In most conservative media, the Russia story is still fake news even as daily revelations continue to pile up about contacts between Russians and Donald Trump's inner circle.
The tone taken by conservative outlets has had an impact on voters such as the Bauchles from Watkins Glen, N.Y. They believe the whole Russia story is a sham, a political head fake crafted by Democrats and by the crooked media.
"I don't think there's any basis to it," said Dennis Bauchle, a farmer, during an interview this week.
"You know they're just putting allegations out there all the time and [President Trump] has to run around dealing with all this stuff and he isn't able to do his job," said his wife, Marcia Bauchle.
A big chunk of the country agrees. According to a recent Washington Post/ABC poll, 40 percent of Americans don't believe Russia tried to meddle in the presidential election despite evidence to the contrary provided by the entire U.S. intelligence community. The percentage of Republicans who believe the Russia story is a big deal actually dropped sharply.
Conservative media is one of the big reasons for this disconnect, says Dartmouth College professor Brendan Nyhan.
"A lot of the conservative media has become almost full-time media criticism," Nyhan said.
Outlets such as Breitbart and Fox News, and talk radio hosts like Rush Limbaugh, Sean Hannity and Michael Savage have crafted a powerful counternarrative, downplaying or discrediting developments in the Russia probe.
"Fox and Breitbart are providing a kind of air cover for the politicians who are standing with Trump right now, helping keep the Republican Party largely solidified behind Trump," said Nyhan.
On a recent show, talk radio host Laura Ingraham described the investigations as a cynical effort by liberals to distract the White House from its agenda. "This is what their game plan is, this is part of the resistance," she said.
Conservative sources frequently describe special counsel Robert Mueller as part of a conspiracy aimed at bringing down Trump.
"Mr. President, fire Mueller," demanded radio host Savage. "He's a political hack. The American people will be behind you. Don't worry about the fake press."
Conservative sources also work hard to discredit mainstream news sources, identifying them as corrupt or biased or part of an active conspiracy. A Pew study released in May found that only 42 percent of Republicans now believe the media should play an active "watchdog" role monitoring politicians. Only 11 percent of conservative-leaning voters believe traditional media sources are trustworthy.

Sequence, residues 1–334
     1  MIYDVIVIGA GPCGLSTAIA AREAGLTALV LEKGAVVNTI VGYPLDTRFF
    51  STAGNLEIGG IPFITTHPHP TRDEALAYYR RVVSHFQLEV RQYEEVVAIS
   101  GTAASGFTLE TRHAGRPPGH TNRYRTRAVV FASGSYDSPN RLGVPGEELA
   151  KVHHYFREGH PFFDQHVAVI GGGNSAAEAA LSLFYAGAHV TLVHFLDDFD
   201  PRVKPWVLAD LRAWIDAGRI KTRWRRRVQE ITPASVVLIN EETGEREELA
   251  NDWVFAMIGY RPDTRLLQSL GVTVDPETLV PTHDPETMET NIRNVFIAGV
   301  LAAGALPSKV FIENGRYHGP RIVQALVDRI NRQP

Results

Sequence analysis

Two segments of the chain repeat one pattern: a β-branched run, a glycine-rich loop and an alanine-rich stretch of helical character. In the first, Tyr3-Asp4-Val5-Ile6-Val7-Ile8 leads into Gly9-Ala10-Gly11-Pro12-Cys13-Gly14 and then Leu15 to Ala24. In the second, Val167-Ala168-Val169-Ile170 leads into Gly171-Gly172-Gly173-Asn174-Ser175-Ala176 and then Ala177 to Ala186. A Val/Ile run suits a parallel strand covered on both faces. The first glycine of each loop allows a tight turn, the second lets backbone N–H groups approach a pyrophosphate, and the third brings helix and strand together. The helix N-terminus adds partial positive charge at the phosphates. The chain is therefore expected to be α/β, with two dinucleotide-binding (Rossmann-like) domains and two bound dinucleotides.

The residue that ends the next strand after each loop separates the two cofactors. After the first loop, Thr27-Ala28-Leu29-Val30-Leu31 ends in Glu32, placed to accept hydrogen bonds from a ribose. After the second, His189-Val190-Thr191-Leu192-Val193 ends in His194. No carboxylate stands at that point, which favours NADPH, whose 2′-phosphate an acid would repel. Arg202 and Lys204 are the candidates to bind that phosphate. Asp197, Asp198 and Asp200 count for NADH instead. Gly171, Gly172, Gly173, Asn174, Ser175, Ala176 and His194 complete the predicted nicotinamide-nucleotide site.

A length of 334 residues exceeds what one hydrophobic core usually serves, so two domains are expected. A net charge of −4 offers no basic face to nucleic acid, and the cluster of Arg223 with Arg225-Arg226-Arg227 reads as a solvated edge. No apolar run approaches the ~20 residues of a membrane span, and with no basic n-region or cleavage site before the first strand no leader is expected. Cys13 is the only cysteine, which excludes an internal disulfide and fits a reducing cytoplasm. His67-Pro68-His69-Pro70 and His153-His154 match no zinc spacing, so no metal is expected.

One voice that is considered trustworthy for many conservatives is that of Limbaugh, the radio host who is viewed as sort of the conservative movement's Walter Cronkite.
Limbaugh tells listeners that the Russia probe is part of an effort to delegitimize Trump and his followers.
"Trump voters are never going to fall for this collusion story and are never going to buy into this notion that the Russians rigged it with Trump," said Limbaugh this week. "They're never going to buy into it. Because it makes them illegitimate. And they are not illegitimate. You people who voted for Trump are not illegitimate."
But Nyhan, the political scientist, says the right-wing media universe is bigger and more diverse than it used to be. Some voices and outlets have started asking tougher questions. Shephard Smith on Fox News reacted sharply this month to the White House's evolving talking points on Russia by asking, "Why is it lie after lie after lie? If you clean, come on clean. You know?"
Some conservative outlets have recently broken with Trump, especially over his attacks on Attorney General Jeff Sessions. Among the sources critical of Trump was Breitbart News, which has close ties to the White House. Trump has derided Sessions for recusing himself from involvement in the Russia investigations.
When asked whether there was anything that would make them rethink the Russia story, the Bauchles said they would need to hear the news from someone they really trust, such as Limbaugh or Hannity.
They want hard facts, a smoking gun. "They have found nothing after how many months of investigating," Dennis argued.
"Put out facts, not maybe or hearsay – facts, you know?" Marcia added. But she acknowledged that the standard of proof she's looking for is high: "So his son met with Russians? Like, who cares?"
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